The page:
Decrease Sense of smell0.0004.891.8612.87
Yes8 (4.5)9 (1)
No169 (95.5)931 (99)
Decrease T sense of taste0.6441.690.17616.34
Yes1 (0.3)3 (0.2)
No337 (99.7)1714 (99.8)
Convulsions0.3741.191.171.22
Yes0 (0)4 (0.2)
No338 (100)1713 (99.8)
Cigarette 0.2310.4890.1481.16
Yes3 (1.7)32 (3.4)
No174 (98.3)908 (96.6)
Opium 0.9251.0380.4782.253
Yes8 (4.5)41 (4.4)
No169 (95.5)899 (95.6)
Intubation 0.0700.5840.3251.051
Yes13 (3.8)110 (6.4)
No325 (96.2)11607 (93.6)
PO20.4460.8220.6381.219
< 9351 (15.1)288 (16.8)
> 93287 (84.9)1429 (83.2)
CT0.0301.8271.0553.165
Positive83 (82.2)323 (71.6)
Negative18 (17.8)1128 (28.4)

aValues are expressed as No. (%).

The present research showed that the reduced sense of smell (OR = 4.89, 1.86 - 12.87), respiratory distress (OR = 2.86, 2.23 - 3.66), positive CT scan (OR = 1.82, 1.05 - 3.16), muscular pain (OR = 1.63, 1.24 - 2.14), coughs (OR = 1.46, 1.14 - 1.86), and fever (OR = 1.45, 1.14 - 1.83) were the significant related symptom.

The odds ratio of background diseases in COVID-19 versus SARI patients is presented in Table 4. The present results showed that chronic pulmonary disease (OR = 2.369, 1.456 - 3.845), asthma (OR = 1.603, 1.040 - 2.473), and cardiovascular disease (OR = 1.455, 1.004 - 2.110) had the highest odds ratios of background diseases among COVID-19 cases compared to SARI.

Table 4. Crude Odds Ratios (OR) of Several Chronic Diseases Correlating with COVID-19 Versus SARIa
Chronic DisordersCOVID-19SARIP ValueOR95% CI
LowerUpper
Cancer0.1670.4430.1351.452
Yes3 (0.9)34 (2)
No 335 (99.1)1683 (98)
Diabetes0.6060.8820.5461.423
Yes21 (6.2)120 (7)
No 317 (93.8)1597 (93)
Chronic liver disease0.096NANANA
Yes0 (0)14 (0.8)
No 338 (100)1703 (99.2)
Chronic blood diseases0.090.3750.1151.221
Yes3 (0.9)40 (2.3)
No 335 (99.1)1677 (97.7)
HIVNANANANA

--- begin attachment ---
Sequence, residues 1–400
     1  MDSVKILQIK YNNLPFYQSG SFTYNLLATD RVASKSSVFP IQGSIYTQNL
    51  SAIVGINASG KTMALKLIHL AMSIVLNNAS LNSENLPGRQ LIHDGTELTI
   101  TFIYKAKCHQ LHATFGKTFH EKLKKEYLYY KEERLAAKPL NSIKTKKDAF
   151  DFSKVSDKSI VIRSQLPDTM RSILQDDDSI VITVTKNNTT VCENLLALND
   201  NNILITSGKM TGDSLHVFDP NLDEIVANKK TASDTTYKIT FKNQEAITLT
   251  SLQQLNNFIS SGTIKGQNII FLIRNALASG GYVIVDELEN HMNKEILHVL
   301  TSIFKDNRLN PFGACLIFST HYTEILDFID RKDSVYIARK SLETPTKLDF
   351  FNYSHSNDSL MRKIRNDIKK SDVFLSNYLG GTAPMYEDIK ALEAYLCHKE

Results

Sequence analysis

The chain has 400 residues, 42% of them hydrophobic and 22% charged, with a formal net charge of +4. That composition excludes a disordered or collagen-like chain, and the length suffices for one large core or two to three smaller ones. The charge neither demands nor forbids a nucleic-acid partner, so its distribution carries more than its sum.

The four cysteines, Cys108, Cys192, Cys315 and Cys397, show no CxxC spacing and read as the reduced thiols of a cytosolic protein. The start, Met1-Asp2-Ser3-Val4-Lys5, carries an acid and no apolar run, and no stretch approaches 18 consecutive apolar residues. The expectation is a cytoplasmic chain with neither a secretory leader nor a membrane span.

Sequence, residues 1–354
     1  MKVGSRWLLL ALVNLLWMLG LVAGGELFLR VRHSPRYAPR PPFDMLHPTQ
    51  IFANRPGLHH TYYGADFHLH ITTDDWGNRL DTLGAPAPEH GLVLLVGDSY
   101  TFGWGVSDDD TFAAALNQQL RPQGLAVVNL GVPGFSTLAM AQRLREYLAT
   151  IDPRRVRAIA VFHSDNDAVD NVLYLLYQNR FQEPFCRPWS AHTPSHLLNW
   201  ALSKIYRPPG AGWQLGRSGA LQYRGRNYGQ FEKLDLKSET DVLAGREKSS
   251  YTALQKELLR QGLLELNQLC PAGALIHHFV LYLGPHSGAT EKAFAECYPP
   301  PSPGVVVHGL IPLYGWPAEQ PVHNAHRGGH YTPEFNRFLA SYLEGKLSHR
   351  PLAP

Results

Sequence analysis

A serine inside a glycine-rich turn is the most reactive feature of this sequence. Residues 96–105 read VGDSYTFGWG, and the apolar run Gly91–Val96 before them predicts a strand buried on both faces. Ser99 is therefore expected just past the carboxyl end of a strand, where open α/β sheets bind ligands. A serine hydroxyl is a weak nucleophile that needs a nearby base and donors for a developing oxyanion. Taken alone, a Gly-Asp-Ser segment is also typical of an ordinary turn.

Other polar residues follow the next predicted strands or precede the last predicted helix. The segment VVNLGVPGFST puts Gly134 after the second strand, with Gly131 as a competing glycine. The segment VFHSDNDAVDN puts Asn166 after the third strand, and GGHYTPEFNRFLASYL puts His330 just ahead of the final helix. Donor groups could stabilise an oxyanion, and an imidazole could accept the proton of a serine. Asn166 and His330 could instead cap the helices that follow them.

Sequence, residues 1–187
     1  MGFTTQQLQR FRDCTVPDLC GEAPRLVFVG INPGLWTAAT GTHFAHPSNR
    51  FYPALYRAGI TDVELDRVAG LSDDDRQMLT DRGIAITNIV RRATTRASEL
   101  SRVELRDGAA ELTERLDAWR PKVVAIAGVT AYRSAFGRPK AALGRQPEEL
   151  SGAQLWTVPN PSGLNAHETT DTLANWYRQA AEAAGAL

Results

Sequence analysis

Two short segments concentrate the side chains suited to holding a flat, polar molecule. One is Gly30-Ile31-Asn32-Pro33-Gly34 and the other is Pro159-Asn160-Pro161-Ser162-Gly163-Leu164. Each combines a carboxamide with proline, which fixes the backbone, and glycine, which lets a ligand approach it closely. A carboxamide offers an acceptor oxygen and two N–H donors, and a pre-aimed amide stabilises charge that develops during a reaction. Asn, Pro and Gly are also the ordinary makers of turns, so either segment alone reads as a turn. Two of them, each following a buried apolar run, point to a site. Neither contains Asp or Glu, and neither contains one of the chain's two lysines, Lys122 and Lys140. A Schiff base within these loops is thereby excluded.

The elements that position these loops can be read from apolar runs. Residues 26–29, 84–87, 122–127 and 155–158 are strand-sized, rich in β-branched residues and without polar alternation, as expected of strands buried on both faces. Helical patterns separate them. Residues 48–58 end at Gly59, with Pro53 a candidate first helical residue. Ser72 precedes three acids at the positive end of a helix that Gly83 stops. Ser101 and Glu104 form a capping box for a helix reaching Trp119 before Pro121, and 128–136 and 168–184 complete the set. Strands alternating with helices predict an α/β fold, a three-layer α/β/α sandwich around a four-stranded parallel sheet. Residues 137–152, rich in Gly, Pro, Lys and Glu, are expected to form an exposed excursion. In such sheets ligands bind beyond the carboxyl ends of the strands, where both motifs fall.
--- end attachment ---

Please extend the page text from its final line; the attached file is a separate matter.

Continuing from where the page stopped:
Yes0 (0)0 (0)
No 338 (100)1717 (100)
Immune deficiency0.5131.6970.3418.446
Yes2 (0.6)6 (0.3)
No 336 (99.4)1711 (99.7)
Pregnancy0.5440.7220.2522.073
Yes4 (1.2)28 (1.6)
No 334 (98.8)1689 (98.4)
Cardiovascular disease0.0471.4551.0042.110
Yes40 (11.8)145 (8.4)
No 298 (88.2)1572 (91.6)
Chronic renal disease0.4220.7040.2971.666
Yes6 (1.8)43 (2.5)
No332 (98.2)1674 (97.5)
Dialysis0.5470.5930.1073.295
Yes3 (50)27 (62.8)
No 3 (50)16 (37.2)
Asthma0.0311.6031.0402.473
Yes29 (8.6)95 (5.5)
No 309 (91.4)1623 (94.5)
Chronic pulmonary disease0.0002.3691.4563.854
Yes25 (7.4)56 (3.3)
No 313 (92.6)1661 (96.7)
Chronic neurological disorders0.4970.6600.1972.209
Yes3 (0.9)23 (1.3)
No 335 (99.1)1694 (98.7)
Other chronic disorders0.1360.6740.4011.135
Yes17 (5)125 (7.3)
No 321 (95)1592 (92.7)

aValues are expressed as no. (%).

5. Discussion

Hormozgan Province is located in the south of Iran and the north of the Persian Gulf and Oman Sea. It is marked by a population of 1,578,183 people and a geographical length of about 1,100 kilometers and an area of 70,000 square kilometers. Bandar Abbas is located near the center and is about 400 kilometers away from the farthest city in the east and 400 kilometers from the farthest city in the west.

In the present epidemiologic study, 2,055 patients participated who were diagnosed with SARI or COVID-19 and were hospitalized between January 21 and May 2020. The present research revealed that 181 (53.6%) COVID-19 patients were male, and 157 (46.4%) were female. Among SARI patients, these percentages were 52.9 and 47.1%, respectively. No statistically significant correlation was found between gender and the disease. The proportion of male to female participants afflicted with COVID-19 and SARI was 1.15 and 1.12, respectively, which is consistent with the related literature. In a study in China, men showed to be infected more than women (7, 15, 16). This is in line with the SARS and MERS research findings (17). Because the genome sequence of SARS-CoV-2 includes 79% of the SARS-CoV sequence, similar findings can be quite well expected (18). The above-mentioned results might indicate that men experience a more severe condition of the disease (19).

The present findings showed that 3.8% of COVID-19 patients were intubated. In China, almost 3.2% of patients with COVID-19 required intubation and invasive ventilation at certain stages of the disease, which agrees with the present findings (20). Moreover, in some research in China, 20% of patients were intubated. This inconsistency might be because the research was conducted on deceased cases (21).